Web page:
Richild Springer is Barbados’ first professional dancer of global excellence. She broke the mould that said you could not earn a living as a dancer. Her very being was dance. She moved like a dancer on and off the stage. She epitomized excellence in dance.
Richild was my personal inspiration to dance. As a young Girls’ Foundation student, Mollie Crowcroft from the London Contemporary Dance Theatre whet my appetite for dance. Richild Springer inspired my love of dance. I’d never seen anyone ooze dance in her every sinew like she did. I marveled at how her lines carried through to her fingertips, so I was thrilled when she asked me to join her company Dance Experience.
It was easy for me to invite her as Lead Dancer and Choreographer of the Peter Goss Dance Company in Paris to be the first dance company to perform in the new state-of-the-art Frank Collymore Hall. She was after all Barbados’ premier dancer who had made a name for herself internationally and earned respect among the world’s finest dancers and choreographers.
From an early age, Richild took classes in classical and contemporary dance through the Graham, Horton and Cunningham technique. She perfected her skills in contemporary with Peter Goss and trained in the Alexander and Feldenkrais method.
Richild Springer distinguished herself and Barbados globally as she worked with Donald Mc Kayle’s company in New York; in Europe, with the Lester Wilson company and as a dancer, she worked with Molly Molloy and taught at the London Contemporary Dance Theatre. She performed to much acclaim as featured dancer at the ” Rose Ball ” and played “Joséphine Baker at 25 ” in the last show Joséphine in Monaco in the presence of the principality and then to Paris.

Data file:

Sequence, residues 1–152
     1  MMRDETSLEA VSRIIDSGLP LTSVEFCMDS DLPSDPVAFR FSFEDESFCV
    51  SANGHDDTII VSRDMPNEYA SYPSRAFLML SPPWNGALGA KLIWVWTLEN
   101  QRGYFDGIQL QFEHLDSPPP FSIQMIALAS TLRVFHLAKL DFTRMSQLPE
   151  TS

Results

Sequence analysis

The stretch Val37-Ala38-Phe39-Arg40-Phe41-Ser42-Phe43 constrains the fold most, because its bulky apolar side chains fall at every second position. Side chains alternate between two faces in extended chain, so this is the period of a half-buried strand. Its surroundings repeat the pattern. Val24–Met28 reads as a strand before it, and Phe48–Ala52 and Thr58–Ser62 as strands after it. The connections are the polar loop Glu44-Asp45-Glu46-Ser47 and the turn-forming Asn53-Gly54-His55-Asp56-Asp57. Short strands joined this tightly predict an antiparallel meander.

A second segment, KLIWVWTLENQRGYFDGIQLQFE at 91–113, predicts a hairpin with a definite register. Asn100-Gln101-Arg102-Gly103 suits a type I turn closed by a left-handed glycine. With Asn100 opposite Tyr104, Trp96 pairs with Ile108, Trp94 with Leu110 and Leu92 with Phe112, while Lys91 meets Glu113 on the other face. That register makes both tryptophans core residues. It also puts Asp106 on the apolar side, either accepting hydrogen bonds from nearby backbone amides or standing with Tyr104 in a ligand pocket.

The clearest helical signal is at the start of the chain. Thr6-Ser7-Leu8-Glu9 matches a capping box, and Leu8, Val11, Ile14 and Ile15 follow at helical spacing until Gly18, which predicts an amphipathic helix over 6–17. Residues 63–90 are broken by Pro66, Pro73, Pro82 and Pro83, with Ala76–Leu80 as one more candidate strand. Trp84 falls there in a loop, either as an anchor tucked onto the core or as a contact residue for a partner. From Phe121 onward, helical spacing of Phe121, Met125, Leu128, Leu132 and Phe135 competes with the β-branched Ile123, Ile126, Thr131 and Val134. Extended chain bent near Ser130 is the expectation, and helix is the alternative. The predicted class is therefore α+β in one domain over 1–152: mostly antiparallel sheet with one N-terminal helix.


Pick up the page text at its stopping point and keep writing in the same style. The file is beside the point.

Richild remained active in dance as a Master Class Teacher and Dance Examiner at the highest level in various international dance schools including Choréia in Paris and the Ballet Preljocaj. She willingly gave back to Barbados coming home several times first under the aegis of the NCF during my tenure as CEO and also later independently through her own Foundation, to share her knowledge with local dance companies given her passion to expand our local dance vocabulary. She always imbued our dancers with the skills and attitudes necessary to achieve and maintain excellence while embracing the joys of dance as a means of cultural expression.
Richild was always a beautiful gentle soul like a flower. Her positive spirit and delightful exuberance were often captured at her goddaughter’s Crop Over celebration: ‘Dis Gotta Be Mas’.
Her majesty as a dancer remains unmatched. I extend condolences to her family, friends and creative community.
Dr Allyson Leacock